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Research team to study effects of bone health on dental implants

by Kristina Goodnough - September 25, 2006

Health Center dentists and physicians have received a five-year, $2.6 million grant from the National Institutes of Health to study the relationship between osteoporosis - or bone fragility - and the success or failure of jawbone regeneration and the placement of dental implants.

The study will be conducted by Dr. Martin Freilich of the Department of Oral Rehabilitation, Biomaterials, and Skeletal Development, and a multidisciplinary team of basic and clinical scientists in medicine and dentistry that includes David Pendrys, an epidemiologist; Pamela Taxel, a bone endocrinologist; David Shafer, an oral and maxillofacial surgeon, Susan Reisine, a medical behavioral scientist; and Alan Lurie, an oral and maxillofacial radiologist.

James Ackley's new CD - Recital Music for Trumpet"Evidence suggests that bone disorders such as osteoporosis may compromise the success of dental implant placements that require preliminary bone building procedures," says Freilich.

"Our study is designed to be a critical first step in understanding that potentially important relationship."

Osteoporosis is a major public health issue in the aging population, affecting 44 million Americans. The use of dental implants to replace missing teeth is a rapidly growing treatment.

"As we rely more and more on dental implants, and as our population ages, it becomes important to know if there is a relationship between systemic bone health and the success or failure of dental reconstruction with bone grafting implant placement," says Freilich.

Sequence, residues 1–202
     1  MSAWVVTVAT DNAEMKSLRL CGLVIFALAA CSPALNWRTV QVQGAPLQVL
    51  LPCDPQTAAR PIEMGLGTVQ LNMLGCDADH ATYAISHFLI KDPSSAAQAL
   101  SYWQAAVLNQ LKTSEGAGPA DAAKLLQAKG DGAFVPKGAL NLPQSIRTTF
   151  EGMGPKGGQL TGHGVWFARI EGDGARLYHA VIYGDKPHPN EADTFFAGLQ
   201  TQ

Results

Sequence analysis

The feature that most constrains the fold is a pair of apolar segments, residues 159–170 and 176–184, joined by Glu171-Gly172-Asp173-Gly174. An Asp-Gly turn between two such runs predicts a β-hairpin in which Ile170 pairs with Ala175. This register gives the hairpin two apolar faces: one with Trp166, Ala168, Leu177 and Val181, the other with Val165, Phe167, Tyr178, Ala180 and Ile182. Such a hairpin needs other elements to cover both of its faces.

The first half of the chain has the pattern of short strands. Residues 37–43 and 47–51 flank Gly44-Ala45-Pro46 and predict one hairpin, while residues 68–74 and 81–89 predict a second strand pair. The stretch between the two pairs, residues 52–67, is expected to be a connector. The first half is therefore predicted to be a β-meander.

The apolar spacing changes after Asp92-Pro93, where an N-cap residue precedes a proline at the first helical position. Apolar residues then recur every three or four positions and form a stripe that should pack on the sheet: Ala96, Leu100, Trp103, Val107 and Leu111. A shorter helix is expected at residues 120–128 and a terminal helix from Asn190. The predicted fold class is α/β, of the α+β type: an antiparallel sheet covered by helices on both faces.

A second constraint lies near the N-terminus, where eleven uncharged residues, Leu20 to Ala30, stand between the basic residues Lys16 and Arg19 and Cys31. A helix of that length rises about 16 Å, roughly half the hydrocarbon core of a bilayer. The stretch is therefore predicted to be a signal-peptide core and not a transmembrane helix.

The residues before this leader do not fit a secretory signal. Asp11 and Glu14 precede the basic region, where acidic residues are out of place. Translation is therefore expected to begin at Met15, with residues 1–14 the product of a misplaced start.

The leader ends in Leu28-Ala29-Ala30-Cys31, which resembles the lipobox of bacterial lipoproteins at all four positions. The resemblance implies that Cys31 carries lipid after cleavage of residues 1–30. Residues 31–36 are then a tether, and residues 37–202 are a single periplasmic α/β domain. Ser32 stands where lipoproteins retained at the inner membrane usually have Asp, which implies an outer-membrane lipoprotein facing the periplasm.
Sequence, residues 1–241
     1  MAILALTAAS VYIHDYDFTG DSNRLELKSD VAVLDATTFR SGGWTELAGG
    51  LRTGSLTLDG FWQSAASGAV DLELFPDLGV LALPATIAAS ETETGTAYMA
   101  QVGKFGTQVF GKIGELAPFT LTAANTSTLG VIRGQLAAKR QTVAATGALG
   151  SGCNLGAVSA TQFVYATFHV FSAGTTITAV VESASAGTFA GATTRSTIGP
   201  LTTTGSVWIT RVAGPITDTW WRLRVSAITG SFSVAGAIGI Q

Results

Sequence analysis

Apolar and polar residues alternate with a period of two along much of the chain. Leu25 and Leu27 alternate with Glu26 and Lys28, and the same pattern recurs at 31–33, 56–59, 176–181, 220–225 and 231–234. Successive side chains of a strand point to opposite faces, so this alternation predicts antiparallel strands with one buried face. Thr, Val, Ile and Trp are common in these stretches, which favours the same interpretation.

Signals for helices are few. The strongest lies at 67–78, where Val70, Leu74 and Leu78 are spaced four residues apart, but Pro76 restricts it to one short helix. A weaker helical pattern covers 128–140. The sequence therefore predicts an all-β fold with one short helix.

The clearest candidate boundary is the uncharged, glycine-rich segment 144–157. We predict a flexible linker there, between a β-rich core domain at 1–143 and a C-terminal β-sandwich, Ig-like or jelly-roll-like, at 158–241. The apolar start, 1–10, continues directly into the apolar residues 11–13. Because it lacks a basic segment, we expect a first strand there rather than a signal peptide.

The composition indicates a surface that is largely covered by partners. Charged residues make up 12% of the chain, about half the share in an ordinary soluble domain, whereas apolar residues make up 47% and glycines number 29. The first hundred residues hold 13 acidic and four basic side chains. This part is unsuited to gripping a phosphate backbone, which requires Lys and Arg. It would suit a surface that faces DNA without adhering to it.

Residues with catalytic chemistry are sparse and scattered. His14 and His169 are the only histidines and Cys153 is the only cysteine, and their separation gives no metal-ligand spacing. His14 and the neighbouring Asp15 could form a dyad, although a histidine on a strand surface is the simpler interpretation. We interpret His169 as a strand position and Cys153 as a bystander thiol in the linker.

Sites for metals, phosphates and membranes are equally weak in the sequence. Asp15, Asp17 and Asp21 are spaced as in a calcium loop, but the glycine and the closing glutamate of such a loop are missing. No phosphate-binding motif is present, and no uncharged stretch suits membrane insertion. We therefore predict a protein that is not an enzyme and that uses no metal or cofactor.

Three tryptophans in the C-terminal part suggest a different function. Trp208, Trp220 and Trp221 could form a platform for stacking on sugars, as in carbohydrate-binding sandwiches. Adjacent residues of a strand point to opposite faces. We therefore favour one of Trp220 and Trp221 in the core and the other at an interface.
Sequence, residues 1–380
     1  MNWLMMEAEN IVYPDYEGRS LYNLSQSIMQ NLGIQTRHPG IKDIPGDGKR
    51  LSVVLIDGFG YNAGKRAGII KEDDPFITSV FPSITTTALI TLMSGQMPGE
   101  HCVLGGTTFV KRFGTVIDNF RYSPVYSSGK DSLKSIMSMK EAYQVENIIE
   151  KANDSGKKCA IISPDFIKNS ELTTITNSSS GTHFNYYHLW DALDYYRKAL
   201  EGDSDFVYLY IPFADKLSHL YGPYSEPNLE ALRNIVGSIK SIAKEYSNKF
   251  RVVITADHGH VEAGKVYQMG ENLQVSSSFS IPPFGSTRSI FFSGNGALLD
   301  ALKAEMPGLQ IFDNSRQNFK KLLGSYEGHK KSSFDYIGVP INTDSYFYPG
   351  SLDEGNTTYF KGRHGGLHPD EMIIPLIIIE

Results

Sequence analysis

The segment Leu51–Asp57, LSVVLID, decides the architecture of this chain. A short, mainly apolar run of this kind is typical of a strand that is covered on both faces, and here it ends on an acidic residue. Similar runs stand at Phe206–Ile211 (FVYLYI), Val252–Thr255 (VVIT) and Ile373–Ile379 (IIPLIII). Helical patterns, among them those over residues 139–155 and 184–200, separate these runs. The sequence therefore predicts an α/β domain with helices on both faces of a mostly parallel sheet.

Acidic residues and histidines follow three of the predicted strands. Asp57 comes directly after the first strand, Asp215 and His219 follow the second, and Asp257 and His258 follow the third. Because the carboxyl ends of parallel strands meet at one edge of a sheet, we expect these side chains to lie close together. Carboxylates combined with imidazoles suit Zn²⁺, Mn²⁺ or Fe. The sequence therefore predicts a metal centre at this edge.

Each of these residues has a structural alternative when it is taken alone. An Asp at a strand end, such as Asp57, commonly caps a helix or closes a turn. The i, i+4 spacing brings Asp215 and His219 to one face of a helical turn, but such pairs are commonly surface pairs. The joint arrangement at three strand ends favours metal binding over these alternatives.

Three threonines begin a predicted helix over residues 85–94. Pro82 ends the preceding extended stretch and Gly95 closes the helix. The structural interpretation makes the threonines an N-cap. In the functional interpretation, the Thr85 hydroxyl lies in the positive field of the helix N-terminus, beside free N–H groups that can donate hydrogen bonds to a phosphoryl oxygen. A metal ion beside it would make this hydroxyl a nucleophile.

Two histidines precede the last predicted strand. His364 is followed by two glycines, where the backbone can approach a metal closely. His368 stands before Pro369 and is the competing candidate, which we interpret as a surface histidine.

After a tooth is lost or extracted, the jawbone tends to shrink because of the absence of chewing forces. As a result, jawbone often has to be augmented or built up, typically with the use of bone grafts, to support a dental implant.

During the study, Freilich and his research team will evaluate surgical bone augmentation and the outcomes of dental implants among post-menopausal women with varying degrees of bone health that are typical of the aging population.

They plan to recruit 120 women for the study.

The long-range goal, according to Freilich, is to test new methods to guide bone formation at deficient implant sites.

Before team members can design clinical studies to test newer procedures for regenerating new bone, they want to understand the relationship between bone health and the success or failure of current surgical grafting methods.

Specifically, the study is designed to help the researchers develop a reliable estimate of the two-year success rate of bone augmentation and dental implants in women with broadly varying bone density measurements.

It will also help them assess the relationship between bone health measurements and implant success or failure.

Currently, according to Freilich, there is some evidence of an association between implant failure and low bone mineral density.

Freilich and his team will take into consideration several additional bone health indicators, such as biochemical markers of bone turnover, fracture history, and vitamin D levels.

The team has already done considerable work on implant placement and novel approaches to growing new bone.

"This study builds upon the work we have done," says Freilich, "and helps us move forward to develop and evaluate new and potentially valuable therapies to manage jawbone resorption, both in healthy patients and in those whose bone health is compromised."

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